Academic journal article Cultural Studies Review

Practicing Sustainability: Illuminating 'Use' in Wearing Clothes

Academic journal article Cultural Studies Review

Practicing Sustainability: Illuminating 'Use' in Wearing Clothes

Article excerpt


This article explores examples of creative practices of wearing and maintaining clothes, and is centred around one account of laundering that constructs the commonplace maintenance of clothing as an activity for learning. This account is placed in dialogue with sustainable design research about the transition toward sustainable ways of living such as the development of 'slow fashion'. For instance, 'slowness' leverages time to rethink the value of what we already do and have, to generate alternative temporal patterns, material flows and imaginings that are more attuned with the pace and rhythms of living day by day. With a fashion system that endorses regular updates and short-lived looks, the logic to its renewal is that as clothes are worn they depreciate in value, as the patina of use moves them further away from newness. However, when wearing and maintaining clothes are centrally positioned as everyday practices, the life and meaning that clothes come to have as worn can be appreciated as a mass participation in positive value creation. Specifically, it is possible to see this value in terms of practicing sustain-abilities and related positive signs of a more sustainable material culture.

As co-writers, our collective aim is to illuminate 'wearing clothing' as an outcome of sets of practices related to dressing, that wear a garment in and out over time, including laundering. The article assembles a practice-oriented perspective on sociocultural and technical practices of wearing and aspires to do the conceptual framing to support insightful analysis of everyday micro practices like clothes cleaning, dressing and sorting as a contribution to cultural studies into dressing the body. This work was started by two of the authors in a pair of co-authored articles titled 'On Wearing' and 'Reorienting Sustainable Design' and is assisted by the third author's doctoral research about laundering.1 It is argued elsewhere by Abby Mellick Lopes, Alison Gill and Dena Fam that design research which aims to support sustainable practices, draws from conceptual frameworks and methodologies (like theories of social practice and styles of ethnographic research of the everyday) to 'interrogate the geographies of the familiar' in novel ways and conceptualise the making of change.2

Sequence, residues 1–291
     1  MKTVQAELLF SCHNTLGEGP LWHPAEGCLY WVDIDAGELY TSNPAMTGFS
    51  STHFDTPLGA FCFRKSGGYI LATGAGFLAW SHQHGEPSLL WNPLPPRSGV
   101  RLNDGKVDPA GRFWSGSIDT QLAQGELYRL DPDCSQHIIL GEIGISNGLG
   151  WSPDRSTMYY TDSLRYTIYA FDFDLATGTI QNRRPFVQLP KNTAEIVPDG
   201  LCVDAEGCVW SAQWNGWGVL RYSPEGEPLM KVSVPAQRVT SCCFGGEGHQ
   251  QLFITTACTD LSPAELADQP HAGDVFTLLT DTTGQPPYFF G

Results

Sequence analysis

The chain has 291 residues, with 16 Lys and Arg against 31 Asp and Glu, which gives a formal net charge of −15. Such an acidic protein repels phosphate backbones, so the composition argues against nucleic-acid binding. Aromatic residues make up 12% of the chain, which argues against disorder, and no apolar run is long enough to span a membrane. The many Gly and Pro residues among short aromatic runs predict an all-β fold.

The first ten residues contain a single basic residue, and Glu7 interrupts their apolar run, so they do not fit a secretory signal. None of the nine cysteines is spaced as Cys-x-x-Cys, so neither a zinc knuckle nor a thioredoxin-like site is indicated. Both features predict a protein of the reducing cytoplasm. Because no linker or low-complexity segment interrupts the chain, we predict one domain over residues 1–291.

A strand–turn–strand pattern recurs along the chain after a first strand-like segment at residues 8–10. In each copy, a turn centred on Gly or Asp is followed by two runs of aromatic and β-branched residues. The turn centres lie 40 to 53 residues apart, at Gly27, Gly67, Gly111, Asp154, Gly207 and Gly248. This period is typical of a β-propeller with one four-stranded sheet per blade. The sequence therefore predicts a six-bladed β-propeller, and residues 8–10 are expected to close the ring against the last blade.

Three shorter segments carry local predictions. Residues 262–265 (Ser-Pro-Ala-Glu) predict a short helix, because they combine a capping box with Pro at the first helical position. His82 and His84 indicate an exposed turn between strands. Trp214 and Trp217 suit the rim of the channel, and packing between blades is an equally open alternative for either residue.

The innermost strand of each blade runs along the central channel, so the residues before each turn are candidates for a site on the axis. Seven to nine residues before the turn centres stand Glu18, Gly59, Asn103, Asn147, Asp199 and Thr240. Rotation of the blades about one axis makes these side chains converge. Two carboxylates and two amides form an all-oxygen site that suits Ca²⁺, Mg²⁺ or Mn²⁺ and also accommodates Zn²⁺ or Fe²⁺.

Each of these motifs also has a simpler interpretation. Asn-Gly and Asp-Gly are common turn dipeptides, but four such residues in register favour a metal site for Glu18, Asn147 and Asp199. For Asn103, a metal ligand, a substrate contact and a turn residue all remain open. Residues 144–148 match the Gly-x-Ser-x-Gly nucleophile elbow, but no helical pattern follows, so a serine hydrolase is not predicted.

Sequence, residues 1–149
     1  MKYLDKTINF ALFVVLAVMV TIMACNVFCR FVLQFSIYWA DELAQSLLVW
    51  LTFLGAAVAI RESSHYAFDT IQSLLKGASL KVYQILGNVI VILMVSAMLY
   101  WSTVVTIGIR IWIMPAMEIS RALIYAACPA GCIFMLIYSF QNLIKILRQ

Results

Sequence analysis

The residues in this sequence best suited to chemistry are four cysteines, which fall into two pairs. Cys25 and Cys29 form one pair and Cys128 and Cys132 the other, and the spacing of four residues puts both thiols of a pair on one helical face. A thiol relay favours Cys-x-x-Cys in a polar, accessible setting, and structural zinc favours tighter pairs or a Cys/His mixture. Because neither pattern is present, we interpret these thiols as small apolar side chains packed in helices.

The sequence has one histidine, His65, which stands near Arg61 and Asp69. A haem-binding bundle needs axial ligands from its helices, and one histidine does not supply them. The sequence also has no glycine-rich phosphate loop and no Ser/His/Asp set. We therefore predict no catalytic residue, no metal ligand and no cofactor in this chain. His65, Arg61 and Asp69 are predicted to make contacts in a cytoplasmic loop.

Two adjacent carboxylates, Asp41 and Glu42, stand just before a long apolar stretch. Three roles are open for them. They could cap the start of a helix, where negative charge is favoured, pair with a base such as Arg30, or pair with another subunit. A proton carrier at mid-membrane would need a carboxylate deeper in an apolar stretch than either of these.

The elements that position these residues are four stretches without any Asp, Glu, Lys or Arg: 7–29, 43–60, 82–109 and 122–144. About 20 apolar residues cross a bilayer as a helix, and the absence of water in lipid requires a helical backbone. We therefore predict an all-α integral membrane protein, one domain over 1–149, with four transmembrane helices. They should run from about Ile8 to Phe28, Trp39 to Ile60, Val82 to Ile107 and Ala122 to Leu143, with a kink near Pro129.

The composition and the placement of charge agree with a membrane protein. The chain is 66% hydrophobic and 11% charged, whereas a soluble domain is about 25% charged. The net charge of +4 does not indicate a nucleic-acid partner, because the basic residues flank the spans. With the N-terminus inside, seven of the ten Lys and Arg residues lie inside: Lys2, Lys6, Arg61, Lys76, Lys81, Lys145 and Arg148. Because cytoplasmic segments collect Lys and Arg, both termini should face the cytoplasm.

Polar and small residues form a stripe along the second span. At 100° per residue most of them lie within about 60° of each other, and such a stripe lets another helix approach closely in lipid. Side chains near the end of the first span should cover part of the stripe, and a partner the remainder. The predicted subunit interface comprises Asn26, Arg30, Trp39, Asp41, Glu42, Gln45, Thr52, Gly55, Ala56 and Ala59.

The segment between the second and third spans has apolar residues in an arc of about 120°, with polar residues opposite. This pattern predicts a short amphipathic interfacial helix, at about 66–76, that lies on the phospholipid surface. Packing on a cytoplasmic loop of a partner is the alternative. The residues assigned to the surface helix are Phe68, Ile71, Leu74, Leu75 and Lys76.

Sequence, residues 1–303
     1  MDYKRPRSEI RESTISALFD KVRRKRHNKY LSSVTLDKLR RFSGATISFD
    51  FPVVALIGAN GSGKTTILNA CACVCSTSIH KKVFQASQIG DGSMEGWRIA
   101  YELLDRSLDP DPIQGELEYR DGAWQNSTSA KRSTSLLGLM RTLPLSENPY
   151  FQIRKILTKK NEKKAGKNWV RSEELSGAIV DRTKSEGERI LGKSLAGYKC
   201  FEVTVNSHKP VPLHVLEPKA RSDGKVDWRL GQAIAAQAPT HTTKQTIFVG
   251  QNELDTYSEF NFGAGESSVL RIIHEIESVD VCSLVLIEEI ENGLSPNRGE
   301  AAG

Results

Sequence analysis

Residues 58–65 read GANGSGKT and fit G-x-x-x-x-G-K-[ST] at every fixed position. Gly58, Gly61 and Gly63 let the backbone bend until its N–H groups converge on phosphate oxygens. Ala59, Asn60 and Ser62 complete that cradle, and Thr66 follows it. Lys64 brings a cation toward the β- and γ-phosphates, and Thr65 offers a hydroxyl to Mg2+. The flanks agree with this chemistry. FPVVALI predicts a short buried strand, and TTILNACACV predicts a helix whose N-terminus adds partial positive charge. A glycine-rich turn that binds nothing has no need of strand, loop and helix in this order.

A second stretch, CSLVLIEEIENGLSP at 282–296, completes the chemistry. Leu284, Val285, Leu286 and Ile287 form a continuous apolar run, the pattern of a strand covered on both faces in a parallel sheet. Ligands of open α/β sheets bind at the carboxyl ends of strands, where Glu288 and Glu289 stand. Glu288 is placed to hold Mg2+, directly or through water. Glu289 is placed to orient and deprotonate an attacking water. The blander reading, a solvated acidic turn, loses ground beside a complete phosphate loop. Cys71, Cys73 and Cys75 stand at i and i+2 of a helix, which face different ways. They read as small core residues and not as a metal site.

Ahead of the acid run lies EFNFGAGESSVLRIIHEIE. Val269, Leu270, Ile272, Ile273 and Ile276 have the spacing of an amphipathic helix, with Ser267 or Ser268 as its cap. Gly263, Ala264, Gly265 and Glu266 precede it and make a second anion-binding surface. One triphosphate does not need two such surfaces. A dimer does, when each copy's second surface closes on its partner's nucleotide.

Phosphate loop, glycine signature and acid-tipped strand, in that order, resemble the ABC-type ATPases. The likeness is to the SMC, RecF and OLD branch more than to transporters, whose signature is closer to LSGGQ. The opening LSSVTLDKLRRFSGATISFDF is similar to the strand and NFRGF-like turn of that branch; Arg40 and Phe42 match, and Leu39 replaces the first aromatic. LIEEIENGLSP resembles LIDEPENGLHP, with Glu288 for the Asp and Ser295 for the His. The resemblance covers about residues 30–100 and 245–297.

This interdisciplinary approach to explore the sociocultural contexts of design is continued in this article, specifically in the cultural life of clothes in use, research that is necessary to see change made real in the assemblages of material, interactions and conventions that hold everyday practices together. When an alternative view of change is considered, actual change is much harder to substantiate; for instance, the awareness, motivation and intention that it takes to live sustainably are mental qualities that are hard to see. Our intention is to underscore cultural-material performances and competencies of sustain-abilities already underway in the skills and improvisations of everyday clothing use. Holly Kaye-Smith's research on laundering explores a slowing practice on the user-side whose objective is to maintain the value of clothing already in existence. This article's snapshot of laundering performance hopes to leverage opportunities to consider the many tonnes of clothes already in circulation requiring care and at risk of obsolescence by newer industry output. The modest aim of this article is to survey at least a small part of what a practice perspective can help researchers of fashion and dress to do with the insights of practitioner-based learning. We aim to better understand the opportunities for transition to sustainability in the spectrum of clothing use.


Fashion's rapid time and its regulative force has been historically positioned in relation to modernity as short-lived material and imaginative change by writers such as Thorstein Veblen, Charles Baudelaire and Georg Simmel; as the latter put it, 'fashion increasingly sharpens our sense of the present'. …

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